Arka – my response to your recent blog. Publish this as my rejoinder to yours if you will.
“What if a group of people started shouting misogynist slogans in a college campus citing evolutionary evidence. Or what about a group of students abusing a particular Abrahamic religion on their beliefs on rational grounds. What about taking this one step further and a group of students actively condoning rapes in Delhi citing idiotic things like women wearing inappropriate clothes and speaking about due process of law being violated in the judgment on Nirbhaya case. Would this all constitute freedom of expression?
As Arka says we as a country have been known as a land respecting a dissenter. So should we allow these above hypothetical protestors their right to protest however distasteful it might be. Or does the Government of the day follow the constitutional process.
In this whole debate, what has been conveniently forgotten is the facts and the law. Whilst the facts may be in dispute in many cases (and here) the law is clear – the Indian constitution allows for freedom of expression. But that freedom is not unfettered. There are a number of limitations – public order is one, sovereignity and integrity of the nation is another. In other words, utterances which can disrupt public order or statements challenging the sovereignity and integrity of the nation is not permitted under the freedom of expression right in the constitution. The sedition law is an additional limb in the IPC – whether utterances which are not constitutionally protected (I.e. seditious statements) should be criminal is another question. There is a rich body of law which sets out when it can be criminal.Supreme Court has ruled that the sedition law is constitutional. Now of course you can differ with the judgment but the Government has law on its side here.
Now coming to the JNU saga which has been hijacked by the left and losers (I.e. Congress Party which itself has a rich tradition of preserving freedom of expression – remember emergency), what is beyond doubt is that pro Afzal Guru slogans were shouted at and slogans challenging the sovereignity and integrity of India were chanted – in fact live on the television studios I have seen students and supporters of the arrested group say as much to that effect. That to me is not freedom of expression. Those are statements challenging our constitution, contempt of court and now I use the term – anti national.
Now what does “anti-national” mean – we the people of India resolved to ourselves and gave to ourselves our constitution. That created in us a nation following a set belief set out in our constitution. Now our constitution does not say we are the best country in the world or that we are superior to others – that is pseudo nationalism and jingoism. Let us not confuse jingoism with nationalism. Nationalism essentially means to protect our values. In an increasingly hostile world, we have to strive to protect our freedoms. I am all for wide interpretation of freedom of expression.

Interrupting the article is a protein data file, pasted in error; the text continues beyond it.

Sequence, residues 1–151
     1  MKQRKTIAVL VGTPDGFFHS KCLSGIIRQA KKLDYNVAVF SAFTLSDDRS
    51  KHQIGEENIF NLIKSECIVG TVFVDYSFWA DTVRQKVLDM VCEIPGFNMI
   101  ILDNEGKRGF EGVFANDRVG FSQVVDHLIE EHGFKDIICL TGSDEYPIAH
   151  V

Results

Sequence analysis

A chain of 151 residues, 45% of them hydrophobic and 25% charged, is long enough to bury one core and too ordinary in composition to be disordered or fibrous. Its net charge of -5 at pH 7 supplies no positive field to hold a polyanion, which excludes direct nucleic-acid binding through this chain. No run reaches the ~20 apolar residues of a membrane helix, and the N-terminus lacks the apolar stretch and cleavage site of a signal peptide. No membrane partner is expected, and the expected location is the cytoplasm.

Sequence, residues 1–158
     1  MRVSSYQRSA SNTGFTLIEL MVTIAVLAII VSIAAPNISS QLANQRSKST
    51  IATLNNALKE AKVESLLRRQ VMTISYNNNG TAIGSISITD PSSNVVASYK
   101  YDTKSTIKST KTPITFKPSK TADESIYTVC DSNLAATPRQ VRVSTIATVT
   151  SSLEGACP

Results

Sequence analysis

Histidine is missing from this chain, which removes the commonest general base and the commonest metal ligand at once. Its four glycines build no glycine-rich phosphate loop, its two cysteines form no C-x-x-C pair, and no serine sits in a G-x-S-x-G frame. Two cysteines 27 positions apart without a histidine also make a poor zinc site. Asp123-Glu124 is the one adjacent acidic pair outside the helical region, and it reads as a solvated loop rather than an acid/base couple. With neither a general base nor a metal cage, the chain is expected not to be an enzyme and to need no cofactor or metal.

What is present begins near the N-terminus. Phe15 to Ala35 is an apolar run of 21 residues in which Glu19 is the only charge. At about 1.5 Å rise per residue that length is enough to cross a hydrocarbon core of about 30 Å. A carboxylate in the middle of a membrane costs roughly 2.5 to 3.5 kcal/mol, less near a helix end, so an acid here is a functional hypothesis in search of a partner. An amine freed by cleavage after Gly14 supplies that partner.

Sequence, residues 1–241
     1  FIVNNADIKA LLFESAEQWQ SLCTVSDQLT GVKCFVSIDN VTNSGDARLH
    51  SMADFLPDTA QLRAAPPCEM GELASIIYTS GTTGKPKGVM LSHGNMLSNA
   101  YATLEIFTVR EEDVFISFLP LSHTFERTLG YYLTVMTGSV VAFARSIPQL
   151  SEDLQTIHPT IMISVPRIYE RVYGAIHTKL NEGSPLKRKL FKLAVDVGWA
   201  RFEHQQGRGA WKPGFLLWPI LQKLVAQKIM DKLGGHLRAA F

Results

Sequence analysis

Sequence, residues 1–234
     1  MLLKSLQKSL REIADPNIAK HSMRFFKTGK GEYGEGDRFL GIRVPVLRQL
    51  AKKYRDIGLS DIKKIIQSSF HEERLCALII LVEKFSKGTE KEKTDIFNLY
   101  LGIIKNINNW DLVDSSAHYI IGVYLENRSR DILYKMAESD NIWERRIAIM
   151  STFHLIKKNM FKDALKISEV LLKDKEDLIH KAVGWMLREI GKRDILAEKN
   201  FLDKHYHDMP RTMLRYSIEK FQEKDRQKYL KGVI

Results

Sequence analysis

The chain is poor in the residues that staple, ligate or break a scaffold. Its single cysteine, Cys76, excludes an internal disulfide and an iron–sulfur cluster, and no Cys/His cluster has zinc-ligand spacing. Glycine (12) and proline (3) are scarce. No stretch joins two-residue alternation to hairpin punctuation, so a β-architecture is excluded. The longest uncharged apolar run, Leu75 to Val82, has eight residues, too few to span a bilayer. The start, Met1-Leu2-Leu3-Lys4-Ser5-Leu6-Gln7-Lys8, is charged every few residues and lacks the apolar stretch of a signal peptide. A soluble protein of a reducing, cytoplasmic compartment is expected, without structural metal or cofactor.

By all means debate intellectually where Afzal Guru case was handled correctly by the court and due process of law followed but do not call the hanging as state sponsored murder. That is challenging the constitutional role of the supreme court. By all means intellectually question the idea of India but to ask for it to splintered strikes at the heart of our constitution and the nation we created ourselves.
Finally, these students whose virtues Arka sings paens of are I do not think very humbly Gandhi shouting slogans against the British – they are shouting slogans against themselves and their own constitution. Fine by me as long as it does not cross certain lines. Public order (aka in my example earlier shouting distasteful slogans against religions etc. In my first paragraph) is not acceptable. Neither are statements challenging the sovereignty and integrity of the nation. To do so is inciting public disorder and challenging the very constitution that gives them the right to express.
The capitalism vs. Communism debate can happen no doubt and bankruptcy of capitalism is exceed by the bankruptcy literally and actually of communism. But that is an intellectual debate.
Psuedo intellectual, pseudo secular are as bad as pseudo nationalist.
Finally, if Kanhaiya and co are right to shout any slogan, surely other extremist on the other side can shout for Kanhaiya to be thrashed and killed. If violence happens in Kashmir because of students flaring up temperature there does not have any causal link surely lawyers beating up Kanhaiya also can claim no causal link against those who shouted for that to happen. Freedom of expression does not extend to inciting illegal acts or condoning them. Any sloganeering against the integrity of the nation needs to be handled sternly where it takes place in Government funded institutions. Modi and his Government have got this one right.
Sent from my iPhone